ü  But it is not the material water which cures the sickness of this man; it is the acceptance of the prophet’s word. In reality it is the humility to believe that something so unimportant can cure.   

ü  Naaman goes back to the prophet, the man of God, to give thanks, and offer him abundant gifts

ü  The prophet does not accept them. The prophets of the Old Testament in Israel and Judah, were not   wage-earners, but men called by God to be his voice, his presence. 

ü  Naaman asks for some earth to take to his country to offer sacrifices to the true God. 

ü  For the people of those cultures, God was tied in a very especial way to his people, and each people had its own God. 

ü  However here Naaman, through his cure, discovers that there is only one God, the God who has cured him.   

ü  They say that when someone is cured by God in an extraordinary way, which we usually call miracle, there is not only a physical wellbeing, but a whole wellbeing, like a new birth which relates the person  in a very especial way to God.

Responsorial Psalm Ps 98:1, 2-3, 3-4

R. The Lord has revealed to the nations his saving power.
Sing to the LORD a new song,
for he has done wondrous deeds;
his right hand has won victory for him,
his holy arm.
The Lord has revealed to the nations his saving power.
The LORD has made his salvation known:
in the sight of the nations he has revealed his justice.
He has remembered his kindness and his faithfulness
toward the house of Israel.
. The Lord has revealed to the nations his saving power.
All the ends of the earth have seen
the salvation by our God.
Sing joyfully to the LORD, all you lands:
break into song; sing praise.
The Lord has revealed to the nations his saving power..

v  We will repeat singing 

o   The Lord has shown his love. His love that does not make differences, that has cured a foreigner, a pagan, because all of us are the work of his love, we are his children. 

o   The Lord has shown his faithfulness, the Lord is always faithful.  

GOSPEL   Lk 17:11-19

Ø  Luke tells us what happened to 10 lepers who meet Jesus.     

Ø  They ask him to have pity on them    

Ø  Luke tells us that when Jesus approaches them and sees he does not speak about healing them, or of their faith, but he tells them to go to the priest.  

Ø  When someone was cured from his or her leprosy, the Law established that they had to go to the priest who would declare that they were cured, thus allowing them to go back to their normal life in family and in society.      

Ø  The lepers go on their way, did they understand that what Jesus was telling them is that they were cured?  We do not know, Luke tells us that on their way they realized that they were cured.  

Ø  One of them, a Samaritan, full of joy and admiration and gratitude comes back to tell Jesus how happy he is, and give thanks to him.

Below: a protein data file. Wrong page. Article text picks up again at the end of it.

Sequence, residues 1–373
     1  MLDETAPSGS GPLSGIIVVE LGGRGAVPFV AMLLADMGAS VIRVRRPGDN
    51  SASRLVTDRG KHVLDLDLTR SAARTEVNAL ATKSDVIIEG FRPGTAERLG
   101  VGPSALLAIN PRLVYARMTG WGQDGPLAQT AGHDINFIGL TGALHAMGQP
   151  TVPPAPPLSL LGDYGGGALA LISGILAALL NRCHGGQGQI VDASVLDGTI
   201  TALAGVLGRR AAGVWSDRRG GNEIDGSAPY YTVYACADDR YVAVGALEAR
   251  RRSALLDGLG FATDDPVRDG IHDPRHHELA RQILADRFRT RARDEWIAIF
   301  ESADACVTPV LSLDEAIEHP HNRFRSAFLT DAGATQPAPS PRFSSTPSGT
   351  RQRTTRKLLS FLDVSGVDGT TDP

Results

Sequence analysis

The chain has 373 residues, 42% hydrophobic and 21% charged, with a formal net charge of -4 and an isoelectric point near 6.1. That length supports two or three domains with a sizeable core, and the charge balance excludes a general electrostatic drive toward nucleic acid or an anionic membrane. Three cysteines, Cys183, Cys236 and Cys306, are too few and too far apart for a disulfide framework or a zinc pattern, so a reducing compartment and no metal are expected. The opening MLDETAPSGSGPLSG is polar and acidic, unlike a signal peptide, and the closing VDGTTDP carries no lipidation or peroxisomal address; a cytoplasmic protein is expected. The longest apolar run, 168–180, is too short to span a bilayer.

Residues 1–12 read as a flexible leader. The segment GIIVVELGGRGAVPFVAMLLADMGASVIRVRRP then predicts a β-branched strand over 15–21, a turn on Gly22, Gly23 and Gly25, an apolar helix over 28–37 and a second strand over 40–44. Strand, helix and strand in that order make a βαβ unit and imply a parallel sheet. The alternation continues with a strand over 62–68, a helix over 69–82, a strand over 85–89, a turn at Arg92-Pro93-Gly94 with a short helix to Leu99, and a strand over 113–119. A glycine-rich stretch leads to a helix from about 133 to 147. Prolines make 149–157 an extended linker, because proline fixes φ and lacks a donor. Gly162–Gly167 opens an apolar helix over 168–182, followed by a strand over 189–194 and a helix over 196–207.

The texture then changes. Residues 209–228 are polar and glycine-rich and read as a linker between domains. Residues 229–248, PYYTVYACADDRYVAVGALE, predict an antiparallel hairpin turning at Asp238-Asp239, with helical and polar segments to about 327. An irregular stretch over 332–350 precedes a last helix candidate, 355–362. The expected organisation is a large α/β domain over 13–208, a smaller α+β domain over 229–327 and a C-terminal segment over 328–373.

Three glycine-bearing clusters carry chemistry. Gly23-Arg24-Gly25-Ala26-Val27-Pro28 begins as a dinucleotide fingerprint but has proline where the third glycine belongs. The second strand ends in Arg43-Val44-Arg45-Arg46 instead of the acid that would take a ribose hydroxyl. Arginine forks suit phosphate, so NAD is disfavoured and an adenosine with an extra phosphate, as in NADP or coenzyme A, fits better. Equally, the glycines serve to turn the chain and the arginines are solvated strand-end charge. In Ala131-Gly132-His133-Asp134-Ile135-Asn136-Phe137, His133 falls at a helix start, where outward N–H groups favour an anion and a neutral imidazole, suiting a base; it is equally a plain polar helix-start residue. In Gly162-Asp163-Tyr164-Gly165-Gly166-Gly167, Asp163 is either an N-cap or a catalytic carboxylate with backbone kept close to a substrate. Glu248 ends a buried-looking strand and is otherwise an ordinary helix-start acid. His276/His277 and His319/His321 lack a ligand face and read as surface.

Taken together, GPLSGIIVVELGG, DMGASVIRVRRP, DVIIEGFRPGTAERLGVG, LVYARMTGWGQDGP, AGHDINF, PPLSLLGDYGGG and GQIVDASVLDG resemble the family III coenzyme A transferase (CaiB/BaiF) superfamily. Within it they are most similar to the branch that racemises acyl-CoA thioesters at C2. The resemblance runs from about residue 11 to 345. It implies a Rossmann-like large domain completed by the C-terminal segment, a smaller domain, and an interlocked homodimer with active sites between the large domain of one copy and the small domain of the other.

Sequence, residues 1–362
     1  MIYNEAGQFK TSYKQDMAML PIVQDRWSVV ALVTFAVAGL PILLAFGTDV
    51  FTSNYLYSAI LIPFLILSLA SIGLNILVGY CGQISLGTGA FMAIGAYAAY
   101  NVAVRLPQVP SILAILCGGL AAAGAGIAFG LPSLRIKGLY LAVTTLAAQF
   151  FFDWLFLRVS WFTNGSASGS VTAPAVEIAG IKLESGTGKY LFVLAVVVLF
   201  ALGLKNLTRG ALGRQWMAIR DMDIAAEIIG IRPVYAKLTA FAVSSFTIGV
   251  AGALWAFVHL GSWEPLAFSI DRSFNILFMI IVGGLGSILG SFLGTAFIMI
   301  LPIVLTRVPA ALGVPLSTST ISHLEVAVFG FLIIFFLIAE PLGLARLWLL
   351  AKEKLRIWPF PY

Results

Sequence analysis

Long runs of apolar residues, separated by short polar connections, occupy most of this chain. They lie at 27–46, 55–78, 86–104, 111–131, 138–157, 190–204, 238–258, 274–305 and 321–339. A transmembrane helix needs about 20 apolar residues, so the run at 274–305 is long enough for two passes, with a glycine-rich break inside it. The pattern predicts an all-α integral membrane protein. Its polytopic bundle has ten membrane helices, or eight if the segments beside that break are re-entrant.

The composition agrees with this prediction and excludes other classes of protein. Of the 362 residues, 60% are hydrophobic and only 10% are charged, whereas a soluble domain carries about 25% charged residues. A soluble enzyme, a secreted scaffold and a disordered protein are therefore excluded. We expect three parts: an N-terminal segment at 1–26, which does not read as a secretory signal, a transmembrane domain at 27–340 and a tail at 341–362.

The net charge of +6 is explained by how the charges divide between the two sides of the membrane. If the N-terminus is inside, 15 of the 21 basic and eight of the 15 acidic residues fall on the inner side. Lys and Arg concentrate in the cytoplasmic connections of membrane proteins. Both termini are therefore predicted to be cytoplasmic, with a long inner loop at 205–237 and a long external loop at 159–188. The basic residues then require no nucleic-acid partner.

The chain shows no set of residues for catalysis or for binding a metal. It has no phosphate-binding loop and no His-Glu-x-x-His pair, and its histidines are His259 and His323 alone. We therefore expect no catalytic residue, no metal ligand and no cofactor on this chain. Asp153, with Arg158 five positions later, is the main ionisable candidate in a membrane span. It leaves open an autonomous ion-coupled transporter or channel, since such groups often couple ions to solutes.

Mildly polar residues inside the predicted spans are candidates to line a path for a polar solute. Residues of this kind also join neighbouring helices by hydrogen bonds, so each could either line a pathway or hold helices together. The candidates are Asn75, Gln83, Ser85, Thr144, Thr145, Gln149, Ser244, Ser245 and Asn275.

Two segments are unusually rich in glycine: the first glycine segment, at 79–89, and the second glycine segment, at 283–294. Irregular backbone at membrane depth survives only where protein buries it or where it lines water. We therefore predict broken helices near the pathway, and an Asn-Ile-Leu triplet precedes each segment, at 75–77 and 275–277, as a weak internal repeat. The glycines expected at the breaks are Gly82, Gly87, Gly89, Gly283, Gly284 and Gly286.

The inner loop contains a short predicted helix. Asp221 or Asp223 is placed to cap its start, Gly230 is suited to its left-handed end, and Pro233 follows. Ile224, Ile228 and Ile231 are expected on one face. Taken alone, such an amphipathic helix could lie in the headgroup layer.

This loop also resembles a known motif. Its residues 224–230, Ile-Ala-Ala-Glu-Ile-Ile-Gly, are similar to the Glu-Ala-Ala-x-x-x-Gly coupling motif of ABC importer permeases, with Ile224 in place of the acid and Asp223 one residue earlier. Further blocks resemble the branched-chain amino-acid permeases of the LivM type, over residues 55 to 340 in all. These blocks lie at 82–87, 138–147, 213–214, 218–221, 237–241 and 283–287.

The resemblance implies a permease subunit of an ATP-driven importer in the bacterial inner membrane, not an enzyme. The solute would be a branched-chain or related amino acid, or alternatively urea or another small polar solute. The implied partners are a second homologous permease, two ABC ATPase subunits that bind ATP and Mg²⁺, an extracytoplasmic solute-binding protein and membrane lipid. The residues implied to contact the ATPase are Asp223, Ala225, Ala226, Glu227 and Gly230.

Ø  Jesus question: where are the other 9?   

Ø  Luke does not give any answer, but we can reflect on our own attitudes.  

Ø  They say that to be thankful, we need to allow us to be surprised, to be able to discover the newness and more than anything else to be able to see more the good than the evil.  To have light or to let the light of Christ fill us.   

Ø  Are we able to give thanks?   Do we rejoice for the good we see, even if we also see the evil?   Do we let God to surprise us?


ü  The Apostle invites us to remember Jesus Christ 

o   Risen from the dead   

o   And a descendant of David    

o   Jesus is risen, he is our God who lives forever,  

ü  Paul speaks of his imprisonment, as a criminal without freedom, but he says that the Word of God is not in chains, nobody can silence it. 

ü  If we have died with Him, we also will be raised with Him   

ü  But if we deny Him, He will deny us. What does the Apostle mean with these words?   ? 

ü  But Jesus will always be faithful, because this is his nature.   


I thank God that many families, which are far from considering themselves perfect, live in love, fulfil their calling and keep moving forward, even if they fall many times along the way.  The  Synod’s reflections show us that there is no stereo- type of the ideal family, but rather a challenging mosaic made up of many different realities, with all their joys, hopes and problems.  The situations that concern us are challenges.  We should not be trapped into wasting our energy in doleful laments, but rather seek new forms of missionary creativity.  In every situation that presents itself, “the Church is conscious of the need to offer a word of truth and hope…  The great values of marriage and the Christian family correspond to a yearning that is part and parcel of human existence”.48  If we see any number of problems, these should be, as the Bishops of Colombia have said, a summons to “revive our hope and to make it the source of prophetic visions, transformative actions and creative forms of charity”. (57)


PAGOLA, José Antonio. El camino abierto por Jesús. Lucas.

SAGRADA BIBLIA. Versión oficial de la Conferecia Episcopal Española.